(Posted by Jim Winter)
1.) Ronald Reagan
2.) Abraham Lincoln
3.) Martin Luther King
4.) George Washington
5.) Benjamin Franklin
Um… What’s Reagan doing in the Top 5? I’m sure history will judge him kindly, even put him up there with both Roosevelts as a great president. But as your charming host has demonstrated as recently as last month, Reagan’s too recent (and still too divisive) to be a good choice.
A look at the nominees’ page tells the story. Half the nominees were celebrities. Tom Hanks, Ellen DeGeneres, and Tom Cruise (WTF?) were nominated. Oprah Winfrey made the top 25, but Mark Twain didn’t? Was there an IQ ceiling for this poll? I’m amazed Reagan, who, you know, like, ran a country and stuff, even made the list, given vapid semblence of logic used to fill out the rest of it. I’m even more amazed that Reagan, along with Dr. King, Lincoln, and two founding fathers even showed up in the top 5.
Frankly, I’m embarrassed Americans voted in this poll. Tom Cruise is a great American? Where the hell was Tom Jefferson? Yeah, he owned slaves. So did #4, George Washington. I don’t recall in my history books Jefferson in the court of Versailles jumping up and down on the couch telling the Countess de Winfree how much he loved Sally Hemmings.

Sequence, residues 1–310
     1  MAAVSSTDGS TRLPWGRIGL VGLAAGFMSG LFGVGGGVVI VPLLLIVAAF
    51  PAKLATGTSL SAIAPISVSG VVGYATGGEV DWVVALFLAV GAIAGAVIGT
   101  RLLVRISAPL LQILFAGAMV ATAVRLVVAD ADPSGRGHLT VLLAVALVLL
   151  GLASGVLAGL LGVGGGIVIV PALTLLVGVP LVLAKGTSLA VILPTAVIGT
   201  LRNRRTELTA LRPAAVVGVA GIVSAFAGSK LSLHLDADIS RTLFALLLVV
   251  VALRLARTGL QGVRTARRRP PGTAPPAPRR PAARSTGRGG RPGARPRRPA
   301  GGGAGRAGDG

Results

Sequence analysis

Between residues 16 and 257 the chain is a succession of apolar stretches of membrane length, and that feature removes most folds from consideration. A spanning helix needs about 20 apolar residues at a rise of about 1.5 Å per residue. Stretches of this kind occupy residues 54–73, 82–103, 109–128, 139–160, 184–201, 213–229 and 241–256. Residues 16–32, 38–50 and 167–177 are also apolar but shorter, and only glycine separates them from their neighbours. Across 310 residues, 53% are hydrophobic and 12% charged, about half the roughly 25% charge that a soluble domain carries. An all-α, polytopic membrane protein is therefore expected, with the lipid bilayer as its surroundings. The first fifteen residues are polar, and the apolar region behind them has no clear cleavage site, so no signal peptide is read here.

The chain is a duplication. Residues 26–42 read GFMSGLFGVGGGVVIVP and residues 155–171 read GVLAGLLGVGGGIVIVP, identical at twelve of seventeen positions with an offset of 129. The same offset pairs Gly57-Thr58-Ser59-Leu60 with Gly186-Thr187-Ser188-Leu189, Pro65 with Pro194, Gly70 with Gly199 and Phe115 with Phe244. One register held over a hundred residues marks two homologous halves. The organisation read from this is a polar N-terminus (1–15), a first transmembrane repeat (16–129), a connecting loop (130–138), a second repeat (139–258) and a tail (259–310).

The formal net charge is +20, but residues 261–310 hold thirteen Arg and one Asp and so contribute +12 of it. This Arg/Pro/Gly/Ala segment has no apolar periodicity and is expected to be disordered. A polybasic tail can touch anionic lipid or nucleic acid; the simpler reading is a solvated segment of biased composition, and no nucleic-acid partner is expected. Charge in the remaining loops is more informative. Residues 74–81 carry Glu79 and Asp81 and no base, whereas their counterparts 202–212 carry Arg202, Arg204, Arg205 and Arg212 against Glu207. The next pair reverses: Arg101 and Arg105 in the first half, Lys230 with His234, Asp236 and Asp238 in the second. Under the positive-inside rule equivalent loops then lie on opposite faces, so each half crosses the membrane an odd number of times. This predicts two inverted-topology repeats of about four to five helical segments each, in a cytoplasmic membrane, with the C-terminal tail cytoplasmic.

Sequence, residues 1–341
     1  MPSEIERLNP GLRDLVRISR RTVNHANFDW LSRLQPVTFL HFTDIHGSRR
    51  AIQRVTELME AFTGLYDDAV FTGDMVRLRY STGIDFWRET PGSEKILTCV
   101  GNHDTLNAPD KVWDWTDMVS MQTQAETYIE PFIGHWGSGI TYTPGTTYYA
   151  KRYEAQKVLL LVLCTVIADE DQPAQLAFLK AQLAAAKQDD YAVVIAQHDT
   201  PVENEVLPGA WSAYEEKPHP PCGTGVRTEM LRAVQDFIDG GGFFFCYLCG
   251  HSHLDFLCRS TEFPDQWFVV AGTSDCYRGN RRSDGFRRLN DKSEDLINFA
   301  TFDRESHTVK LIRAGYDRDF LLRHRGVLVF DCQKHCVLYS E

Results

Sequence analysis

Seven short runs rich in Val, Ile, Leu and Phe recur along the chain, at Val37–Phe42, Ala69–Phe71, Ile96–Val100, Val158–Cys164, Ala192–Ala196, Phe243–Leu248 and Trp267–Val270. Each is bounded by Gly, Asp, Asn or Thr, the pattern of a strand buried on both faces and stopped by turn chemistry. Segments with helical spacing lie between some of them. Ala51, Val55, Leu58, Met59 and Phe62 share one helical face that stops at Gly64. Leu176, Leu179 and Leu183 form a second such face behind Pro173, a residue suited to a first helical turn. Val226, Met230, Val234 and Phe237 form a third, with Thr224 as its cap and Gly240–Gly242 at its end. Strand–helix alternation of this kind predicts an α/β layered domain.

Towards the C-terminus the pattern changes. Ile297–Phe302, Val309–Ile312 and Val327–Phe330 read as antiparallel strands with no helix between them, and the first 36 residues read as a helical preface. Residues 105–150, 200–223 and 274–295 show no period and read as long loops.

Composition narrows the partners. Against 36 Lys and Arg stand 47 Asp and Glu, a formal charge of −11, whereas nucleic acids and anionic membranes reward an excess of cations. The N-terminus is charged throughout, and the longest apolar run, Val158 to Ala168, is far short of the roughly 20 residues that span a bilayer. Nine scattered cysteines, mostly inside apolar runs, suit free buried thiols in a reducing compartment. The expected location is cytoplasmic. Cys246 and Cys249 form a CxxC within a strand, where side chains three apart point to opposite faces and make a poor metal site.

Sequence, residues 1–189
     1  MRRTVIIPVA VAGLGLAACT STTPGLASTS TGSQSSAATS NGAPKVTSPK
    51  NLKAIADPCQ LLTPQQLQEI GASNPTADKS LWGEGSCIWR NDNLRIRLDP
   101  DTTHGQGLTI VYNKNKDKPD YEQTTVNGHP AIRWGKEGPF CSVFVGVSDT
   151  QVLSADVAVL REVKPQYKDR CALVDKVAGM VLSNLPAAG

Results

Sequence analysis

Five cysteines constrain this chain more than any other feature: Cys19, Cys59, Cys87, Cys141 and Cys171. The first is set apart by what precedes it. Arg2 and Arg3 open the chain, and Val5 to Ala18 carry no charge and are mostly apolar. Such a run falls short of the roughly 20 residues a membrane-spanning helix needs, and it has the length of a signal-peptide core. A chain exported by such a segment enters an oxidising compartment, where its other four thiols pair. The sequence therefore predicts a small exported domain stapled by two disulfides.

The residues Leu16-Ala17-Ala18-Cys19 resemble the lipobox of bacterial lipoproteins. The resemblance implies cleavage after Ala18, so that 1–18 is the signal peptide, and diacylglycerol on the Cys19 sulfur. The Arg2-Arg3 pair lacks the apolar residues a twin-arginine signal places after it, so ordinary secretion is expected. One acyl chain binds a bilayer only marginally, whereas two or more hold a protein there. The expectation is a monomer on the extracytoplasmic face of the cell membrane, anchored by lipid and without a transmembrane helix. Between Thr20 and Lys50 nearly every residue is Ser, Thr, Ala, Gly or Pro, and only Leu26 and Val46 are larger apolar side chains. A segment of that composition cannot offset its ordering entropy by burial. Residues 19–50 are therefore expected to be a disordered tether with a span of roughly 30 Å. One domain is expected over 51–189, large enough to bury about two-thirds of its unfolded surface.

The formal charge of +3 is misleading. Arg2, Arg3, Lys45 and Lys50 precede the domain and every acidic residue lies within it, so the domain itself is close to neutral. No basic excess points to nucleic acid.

More disturbing, though, is how recent most of the nominees were. As I said, half of them were celebrities. Somehow, I think Reagan got on there not for destroying the most idiotic tax system in US history, nor did he make it for his part in ending the Cold War. No, I think he got on there because he died. Recently.
Which is really ashame, because it says little about him as a president, good or bad. Like I said, at least he made the top 5 along with two other presidents, a civil rights icon, and one ofthe architects of our nation. I’m assuming Franklin beat out Hugh Hefner because while he lived Hef’s lifestyle, he had that extra edge by inventing the stove and the lightning rod.